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Jean Christophe Lafaille
Solo Ascent of Dhaulagiri 8167 metres
Christophe Lafaille left France on the 17th April with the desire to climb
solo Dhaulagiri (8167 metres) with the aim of acclimatising on this mountain
which is in Nepal. As such it enjoys a calmer political climate than that of
its neighbour Pakistan.
goal for Jean Christophe has always stayed the same, namely to climb Nanga
Parbat (8125) and Broad Peak (8047). However, if he is already acclimatised,
he will be able to spend less time in the country.
Kathmandu on the morning of the 19th April and he eventually reached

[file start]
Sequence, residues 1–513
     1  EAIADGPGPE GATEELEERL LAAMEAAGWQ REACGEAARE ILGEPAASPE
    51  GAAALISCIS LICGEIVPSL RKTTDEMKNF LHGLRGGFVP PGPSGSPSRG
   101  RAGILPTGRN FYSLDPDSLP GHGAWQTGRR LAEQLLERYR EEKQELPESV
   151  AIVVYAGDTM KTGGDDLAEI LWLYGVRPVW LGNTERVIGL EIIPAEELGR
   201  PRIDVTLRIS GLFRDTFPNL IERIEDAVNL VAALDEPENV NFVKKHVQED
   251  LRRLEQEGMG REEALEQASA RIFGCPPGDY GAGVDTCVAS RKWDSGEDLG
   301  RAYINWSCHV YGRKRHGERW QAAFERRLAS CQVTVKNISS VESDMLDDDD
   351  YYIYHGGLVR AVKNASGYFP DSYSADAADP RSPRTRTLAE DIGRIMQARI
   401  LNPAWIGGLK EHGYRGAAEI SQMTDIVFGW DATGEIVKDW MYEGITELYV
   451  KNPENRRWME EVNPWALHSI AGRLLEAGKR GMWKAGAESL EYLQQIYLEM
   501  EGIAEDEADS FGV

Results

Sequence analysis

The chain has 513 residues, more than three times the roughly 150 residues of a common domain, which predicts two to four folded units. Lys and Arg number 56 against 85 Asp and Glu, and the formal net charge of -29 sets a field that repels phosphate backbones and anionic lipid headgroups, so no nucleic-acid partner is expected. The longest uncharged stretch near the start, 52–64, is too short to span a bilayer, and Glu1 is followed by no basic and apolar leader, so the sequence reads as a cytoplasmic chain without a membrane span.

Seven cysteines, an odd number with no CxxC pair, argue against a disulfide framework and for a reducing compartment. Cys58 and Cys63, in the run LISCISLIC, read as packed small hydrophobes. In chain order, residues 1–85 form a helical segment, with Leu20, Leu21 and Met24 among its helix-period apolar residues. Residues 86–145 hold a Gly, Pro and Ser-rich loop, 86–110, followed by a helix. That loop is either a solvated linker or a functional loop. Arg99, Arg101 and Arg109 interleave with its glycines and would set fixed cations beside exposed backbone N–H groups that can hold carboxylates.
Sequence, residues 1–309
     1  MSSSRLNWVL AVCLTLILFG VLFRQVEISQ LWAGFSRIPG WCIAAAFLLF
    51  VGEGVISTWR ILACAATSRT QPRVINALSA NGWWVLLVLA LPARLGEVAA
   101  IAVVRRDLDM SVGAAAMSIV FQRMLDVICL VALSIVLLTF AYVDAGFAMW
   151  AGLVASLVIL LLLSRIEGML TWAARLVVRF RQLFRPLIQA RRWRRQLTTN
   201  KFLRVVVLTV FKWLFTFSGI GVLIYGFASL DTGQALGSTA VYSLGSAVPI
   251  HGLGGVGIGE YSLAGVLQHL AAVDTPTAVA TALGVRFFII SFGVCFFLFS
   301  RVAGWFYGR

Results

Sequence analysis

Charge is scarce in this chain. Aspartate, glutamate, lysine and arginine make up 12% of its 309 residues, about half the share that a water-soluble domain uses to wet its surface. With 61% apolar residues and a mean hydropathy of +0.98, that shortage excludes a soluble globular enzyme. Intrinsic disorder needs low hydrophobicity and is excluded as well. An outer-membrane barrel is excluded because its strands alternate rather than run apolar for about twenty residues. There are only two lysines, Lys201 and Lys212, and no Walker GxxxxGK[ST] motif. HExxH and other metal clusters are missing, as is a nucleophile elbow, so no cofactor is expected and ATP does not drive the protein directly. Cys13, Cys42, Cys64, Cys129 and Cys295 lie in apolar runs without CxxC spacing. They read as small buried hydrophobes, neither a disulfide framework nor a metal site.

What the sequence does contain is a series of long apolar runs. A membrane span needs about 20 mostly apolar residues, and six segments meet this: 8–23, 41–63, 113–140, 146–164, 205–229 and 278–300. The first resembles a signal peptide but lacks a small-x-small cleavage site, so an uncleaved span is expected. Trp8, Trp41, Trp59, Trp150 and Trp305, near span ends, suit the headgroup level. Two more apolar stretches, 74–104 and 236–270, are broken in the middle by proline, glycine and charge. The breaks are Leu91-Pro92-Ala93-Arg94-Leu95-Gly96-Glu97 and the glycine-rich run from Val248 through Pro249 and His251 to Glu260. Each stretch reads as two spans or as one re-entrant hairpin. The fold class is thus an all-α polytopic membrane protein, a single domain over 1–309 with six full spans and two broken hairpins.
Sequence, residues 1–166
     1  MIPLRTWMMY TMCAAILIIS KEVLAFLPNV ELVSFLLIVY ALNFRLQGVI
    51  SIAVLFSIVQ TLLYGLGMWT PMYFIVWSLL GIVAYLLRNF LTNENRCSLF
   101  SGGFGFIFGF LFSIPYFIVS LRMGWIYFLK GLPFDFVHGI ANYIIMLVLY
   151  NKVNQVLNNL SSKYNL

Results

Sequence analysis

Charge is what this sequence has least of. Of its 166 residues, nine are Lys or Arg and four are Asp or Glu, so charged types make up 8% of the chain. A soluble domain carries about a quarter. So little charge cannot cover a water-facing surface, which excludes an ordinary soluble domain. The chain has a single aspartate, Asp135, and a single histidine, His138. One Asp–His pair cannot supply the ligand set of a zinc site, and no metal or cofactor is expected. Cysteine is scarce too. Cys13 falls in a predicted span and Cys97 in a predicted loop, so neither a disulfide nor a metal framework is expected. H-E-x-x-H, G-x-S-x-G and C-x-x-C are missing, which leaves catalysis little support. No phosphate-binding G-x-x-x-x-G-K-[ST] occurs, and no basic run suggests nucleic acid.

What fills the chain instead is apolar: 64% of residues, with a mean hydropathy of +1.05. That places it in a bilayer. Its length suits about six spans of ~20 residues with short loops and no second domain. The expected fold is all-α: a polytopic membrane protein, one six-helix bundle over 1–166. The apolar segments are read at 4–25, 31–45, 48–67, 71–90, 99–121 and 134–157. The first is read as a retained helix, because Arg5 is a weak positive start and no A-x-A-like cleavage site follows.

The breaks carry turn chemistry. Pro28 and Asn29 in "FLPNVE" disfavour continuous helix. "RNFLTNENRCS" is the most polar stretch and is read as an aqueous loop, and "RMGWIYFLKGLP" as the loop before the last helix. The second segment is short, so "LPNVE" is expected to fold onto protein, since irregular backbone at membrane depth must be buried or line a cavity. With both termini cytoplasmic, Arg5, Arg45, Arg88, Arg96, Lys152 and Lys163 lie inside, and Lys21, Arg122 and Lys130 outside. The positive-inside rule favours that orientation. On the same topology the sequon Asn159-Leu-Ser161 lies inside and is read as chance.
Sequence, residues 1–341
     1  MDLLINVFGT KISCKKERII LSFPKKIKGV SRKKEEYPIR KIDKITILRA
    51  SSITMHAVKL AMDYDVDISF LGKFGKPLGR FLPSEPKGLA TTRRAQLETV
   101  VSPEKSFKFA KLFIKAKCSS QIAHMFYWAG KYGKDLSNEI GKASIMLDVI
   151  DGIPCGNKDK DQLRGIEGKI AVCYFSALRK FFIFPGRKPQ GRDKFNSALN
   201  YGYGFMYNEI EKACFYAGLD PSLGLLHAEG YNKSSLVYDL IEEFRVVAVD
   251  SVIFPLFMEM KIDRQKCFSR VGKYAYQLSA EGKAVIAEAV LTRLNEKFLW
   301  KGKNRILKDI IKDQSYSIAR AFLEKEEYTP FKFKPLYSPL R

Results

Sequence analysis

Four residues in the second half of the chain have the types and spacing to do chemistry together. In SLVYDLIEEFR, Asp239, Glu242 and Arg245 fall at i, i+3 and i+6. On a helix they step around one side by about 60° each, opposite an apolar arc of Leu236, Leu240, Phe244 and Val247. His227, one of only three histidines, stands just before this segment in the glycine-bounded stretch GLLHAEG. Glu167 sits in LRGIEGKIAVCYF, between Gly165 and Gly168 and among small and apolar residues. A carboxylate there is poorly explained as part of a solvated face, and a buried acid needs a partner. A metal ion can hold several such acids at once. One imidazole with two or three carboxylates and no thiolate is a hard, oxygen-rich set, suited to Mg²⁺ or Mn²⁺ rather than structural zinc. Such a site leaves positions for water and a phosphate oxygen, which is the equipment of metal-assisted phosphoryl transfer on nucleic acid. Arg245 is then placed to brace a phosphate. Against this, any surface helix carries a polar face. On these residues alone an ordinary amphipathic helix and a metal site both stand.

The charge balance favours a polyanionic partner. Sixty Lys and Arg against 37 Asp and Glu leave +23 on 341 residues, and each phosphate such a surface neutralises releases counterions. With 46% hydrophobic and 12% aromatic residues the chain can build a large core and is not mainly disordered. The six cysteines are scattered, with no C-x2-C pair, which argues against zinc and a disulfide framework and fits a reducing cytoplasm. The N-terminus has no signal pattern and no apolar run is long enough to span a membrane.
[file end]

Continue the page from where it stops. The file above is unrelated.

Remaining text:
Dhaulagiri Base Camp at 4,700 metres without too much trouble on the evening
of the 23rd.
AS of the
following day, he began his acclimatisation with a climb to camp 1 at 5,800
his feelings were good.
place, he came across a Chilean expedition, a Swedish one and a German one.
Jean Christophe’s is an individual team. All the permits were full and
eventually the Thamserku agency organised an additional place on a permit, but
with a set-up composed of a cook and a kitchen boy.
27th April, he reached Camp 2 at 6,800 metres. He was already having to
struggle with bad weather conditions which prevented him from acclimatising.
There was snow and high winds at altitude.
On the 4th
May, the storm predicted by the forecasters with whom we are working in France
was confirmed. It was of unbelievable intensity. Most of the tents were
flattened at Base Camp; the wind reached speeds of 150kmh. Jean Christophe was